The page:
Round Tables
Tables Rondes

18. The history of suicide
18. L'histoire du suicide

Monday, 7 August, 9:00-12:00
Lundi 9 août de 9h à 12h

Building D, Auditorium 4

David Ledered, Irland

Our general approach to the theme will be a cultural one, even if the cultural history of suicide will be approached from different angles by the authors. In his paper, Anders Ekström deals with what he claims was the cultural construction of a moralising statistics of suicide in nineteenth-century Sweden, where the debate on suicide served as a way of criticising the evolving modern society. Irma Papeno's paper is an epistemological and historiographical counterpart to Ekström's paper. Assessing the achievements in this particular field of research since the 70s, she asks if it is possible to gain access to the human experience in the historical investigation of suicide unless the historian turns into a polyhistor. The longue durée of unparalleled high suicide rates in Hungary is the theme of David Lederer's paper. This is seen as the outcome of a peculiarly persistent habit of patriotic self-sacrifice in a culture which otherwise had many legal and popular traits in common with the surrounding countries, where, however, self-destruction was far less frequent than in Hungary. In his contribution to the conference Michel Porret is dealing with a new and more affirmative culture of self-destruction dawning in Geneva after 1750, emerging partly out of growing individualism and the ambivalence to suicide displayed by les phiosophes of Enlightenment. Michael MacDonald will reconsider some of his arguments in his famous book Sleepless Souls in light of Alexander Murray's recently published book on suicide in the medieval period. In his paper, Kushner is approaching the matter from a more essentialist perspective than the rest of the contributors. He claims that historians should re-examine the rather old-fashioned cultural, psychological or sociological models of explanation of suicidal behaviour in light of recent scientific progress made in neurobiological studies of suicide. In a series of studies done at the Karolinska Institute (lead by Marie Åsberg, see below), a definite relationship has been established between completed suicide and low levels of serotonin the brain. Finally, like Papemo, Arne Jarrick, in his introduction to the session, will approach the subject historiographically, but will also put forward a set of hypotheses concerning fantasies of suicidal people, accompanying them in their self-destructive endeavours.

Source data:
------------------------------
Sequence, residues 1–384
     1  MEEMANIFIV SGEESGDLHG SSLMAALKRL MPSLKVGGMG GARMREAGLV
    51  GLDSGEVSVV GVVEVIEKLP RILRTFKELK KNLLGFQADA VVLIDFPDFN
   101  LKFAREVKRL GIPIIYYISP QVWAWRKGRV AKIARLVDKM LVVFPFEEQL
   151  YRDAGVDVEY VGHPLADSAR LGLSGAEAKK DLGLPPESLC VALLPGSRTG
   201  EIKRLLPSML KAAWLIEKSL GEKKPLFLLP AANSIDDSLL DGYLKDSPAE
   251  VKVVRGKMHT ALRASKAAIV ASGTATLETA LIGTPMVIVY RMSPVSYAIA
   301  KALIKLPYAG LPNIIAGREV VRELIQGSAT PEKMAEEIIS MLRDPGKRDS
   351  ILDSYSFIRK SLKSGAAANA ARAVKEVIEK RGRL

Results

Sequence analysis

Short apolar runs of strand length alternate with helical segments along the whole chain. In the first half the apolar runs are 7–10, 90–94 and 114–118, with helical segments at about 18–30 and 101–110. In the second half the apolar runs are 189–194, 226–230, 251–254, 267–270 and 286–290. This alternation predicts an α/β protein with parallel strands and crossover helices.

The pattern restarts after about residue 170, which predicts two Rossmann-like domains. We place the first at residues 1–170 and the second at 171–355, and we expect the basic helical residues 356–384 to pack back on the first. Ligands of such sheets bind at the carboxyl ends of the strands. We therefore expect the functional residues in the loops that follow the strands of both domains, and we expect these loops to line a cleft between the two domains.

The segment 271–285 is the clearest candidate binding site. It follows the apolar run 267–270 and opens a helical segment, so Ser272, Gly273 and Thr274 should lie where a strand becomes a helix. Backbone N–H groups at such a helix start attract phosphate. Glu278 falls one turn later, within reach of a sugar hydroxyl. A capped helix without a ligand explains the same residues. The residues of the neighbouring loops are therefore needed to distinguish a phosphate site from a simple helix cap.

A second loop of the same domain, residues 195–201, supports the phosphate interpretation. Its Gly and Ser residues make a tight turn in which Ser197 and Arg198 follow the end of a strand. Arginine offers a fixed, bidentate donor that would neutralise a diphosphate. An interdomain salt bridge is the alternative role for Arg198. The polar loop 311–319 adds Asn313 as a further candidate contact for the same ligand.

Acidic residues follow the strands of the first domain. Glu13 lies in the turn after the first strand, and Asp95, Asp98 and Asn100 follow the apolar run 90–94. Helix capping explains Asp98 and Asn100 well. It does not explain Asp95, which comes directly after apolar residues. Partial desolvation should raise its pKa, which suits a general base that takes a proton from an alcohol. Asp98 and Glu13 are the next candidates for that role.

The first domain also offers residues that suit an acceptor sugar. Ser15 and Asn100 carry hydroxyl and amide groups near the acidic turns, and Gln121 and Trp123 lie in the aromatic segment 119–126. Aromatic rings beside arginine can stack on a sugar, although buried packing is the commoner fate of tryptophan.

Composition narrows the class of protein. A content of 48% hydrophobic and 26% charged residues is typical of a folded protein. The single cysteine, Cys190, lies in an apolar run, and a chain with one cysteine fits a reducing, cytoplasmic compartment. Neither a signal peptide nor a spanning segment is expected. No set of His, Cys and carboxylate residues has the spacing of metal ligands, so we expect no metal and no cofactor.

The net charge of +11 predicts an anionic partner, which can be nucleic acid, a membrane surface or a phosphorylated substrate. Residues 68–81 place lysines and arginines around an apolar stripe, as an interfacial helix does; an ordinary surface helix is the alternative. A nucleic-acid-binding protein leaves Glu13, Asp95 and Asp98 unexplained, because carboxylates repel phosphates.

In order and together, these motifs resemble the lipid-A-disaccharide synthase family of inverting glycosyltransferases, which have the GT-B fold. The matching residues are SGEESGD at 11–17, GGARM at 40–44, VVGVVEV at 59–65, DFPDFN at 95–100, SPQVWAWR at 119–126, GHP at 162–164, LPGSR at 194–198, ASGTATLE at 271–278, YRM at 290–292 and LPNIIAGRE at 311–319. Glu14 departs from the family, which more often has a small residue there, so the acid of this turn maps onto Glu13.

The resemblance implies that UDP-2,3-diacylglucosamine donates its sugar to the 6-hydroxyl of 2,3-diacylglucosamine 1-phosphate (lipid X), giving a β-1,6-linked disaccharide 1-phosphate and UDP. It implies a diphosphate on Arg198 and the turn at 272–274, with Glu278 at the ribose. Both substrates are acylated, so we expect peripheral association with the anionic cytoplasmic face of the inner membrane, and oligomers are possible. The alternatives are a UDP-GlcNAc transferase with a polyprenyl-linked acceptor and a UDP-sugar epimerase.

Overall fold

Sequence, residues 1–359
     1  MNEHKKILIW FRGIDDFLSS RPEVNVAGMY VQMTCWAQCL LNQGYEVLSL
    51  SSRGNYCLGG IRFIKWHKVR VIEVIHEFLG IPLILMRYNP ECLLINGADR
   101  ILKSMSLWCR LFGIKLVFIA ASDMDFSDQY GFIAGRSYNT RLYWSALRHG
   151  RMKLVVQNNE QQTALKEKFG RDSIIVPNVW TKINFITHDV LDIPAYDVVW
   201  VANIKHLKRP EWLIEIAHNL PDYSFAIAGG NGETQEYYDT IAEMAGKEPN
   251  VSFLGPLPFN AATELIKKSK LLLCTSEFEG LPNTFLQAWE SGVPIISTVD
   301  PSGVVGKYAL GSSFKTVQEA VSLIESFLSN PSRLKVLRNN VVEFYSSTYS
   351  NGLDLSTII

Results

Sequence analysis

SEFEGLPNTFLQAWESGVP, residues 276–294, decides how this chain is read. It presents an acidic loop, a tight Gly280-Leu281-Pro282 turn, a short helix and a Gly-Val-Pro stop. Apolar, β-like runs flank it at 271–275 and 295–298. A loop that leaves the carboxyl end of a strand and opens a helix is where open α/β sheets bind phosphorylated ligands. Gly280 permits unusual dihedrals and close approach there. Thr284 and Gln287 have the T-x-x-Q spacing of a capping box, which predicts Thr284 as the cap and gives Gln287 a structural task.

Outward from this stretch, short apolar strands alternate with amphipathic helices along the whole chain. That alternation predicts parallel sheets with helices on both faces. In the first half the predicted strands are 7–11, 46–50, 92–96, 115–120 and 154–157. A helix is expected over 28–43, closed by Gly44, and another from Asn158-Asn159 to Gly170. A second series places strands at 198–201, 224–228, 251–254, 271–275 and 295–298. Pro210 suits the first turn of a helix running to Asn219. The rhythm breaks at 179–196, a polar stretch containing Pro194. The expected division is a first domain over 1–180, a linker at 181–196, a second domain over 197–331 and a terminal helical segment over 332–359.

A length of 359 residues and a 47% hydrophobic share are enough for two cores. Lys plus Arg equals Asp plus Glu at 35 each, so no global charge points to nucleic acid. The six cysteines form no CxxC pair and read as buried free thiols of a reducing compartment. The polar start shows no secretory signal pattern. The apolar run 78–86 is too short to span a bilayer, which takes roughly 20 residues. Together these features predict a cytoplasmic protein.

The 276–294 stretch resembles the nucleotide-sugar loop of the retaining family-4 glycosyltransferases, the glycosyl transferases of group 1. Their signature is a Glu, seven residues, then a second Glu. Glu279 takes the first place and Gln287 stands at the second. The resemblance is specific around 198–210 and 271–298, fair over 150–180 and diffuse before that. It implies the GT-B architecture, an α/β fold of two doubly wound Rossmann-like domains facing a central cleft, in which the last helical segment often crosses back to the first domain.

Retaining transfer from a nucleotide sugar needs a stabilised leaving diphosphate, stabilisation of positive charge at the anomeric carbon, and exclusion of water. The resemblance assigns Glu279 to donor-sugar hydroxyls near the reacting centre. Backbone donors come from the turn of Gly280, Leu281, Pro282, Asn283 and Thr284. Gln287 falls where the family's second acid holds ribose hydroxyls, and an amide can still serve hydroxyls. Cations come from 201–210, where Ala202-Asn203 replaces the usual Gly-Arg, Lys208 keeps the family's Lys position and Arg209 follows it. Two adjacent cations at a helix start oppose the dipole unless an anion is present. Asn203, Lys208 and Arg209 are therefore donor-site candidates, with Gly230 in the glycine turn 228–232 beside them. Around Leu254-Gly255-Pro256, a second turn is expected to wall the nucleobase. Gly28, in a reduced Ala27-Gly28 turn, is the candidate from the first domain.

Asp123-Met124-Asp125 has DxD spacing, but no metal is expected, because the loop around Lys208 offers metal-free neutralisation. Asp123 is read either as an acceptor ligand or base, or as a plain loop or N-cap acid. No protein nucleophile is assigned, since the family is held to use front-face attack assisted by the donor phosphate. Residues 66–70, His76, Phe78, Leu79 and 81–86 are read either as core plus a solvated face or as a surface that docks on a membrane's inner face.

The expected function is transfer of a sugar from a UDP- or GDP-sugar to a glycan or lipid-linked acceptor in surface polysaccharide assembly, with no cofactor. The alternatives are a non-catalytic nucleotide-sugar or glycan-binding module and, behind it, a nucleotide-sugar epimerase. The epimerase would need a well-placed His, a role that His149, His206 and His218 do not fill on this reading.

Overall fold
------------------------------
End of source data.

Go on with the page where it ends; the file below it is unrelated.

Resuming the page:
Round Table 17
Table Ronde 17



Round Table 19
Table Ronde 19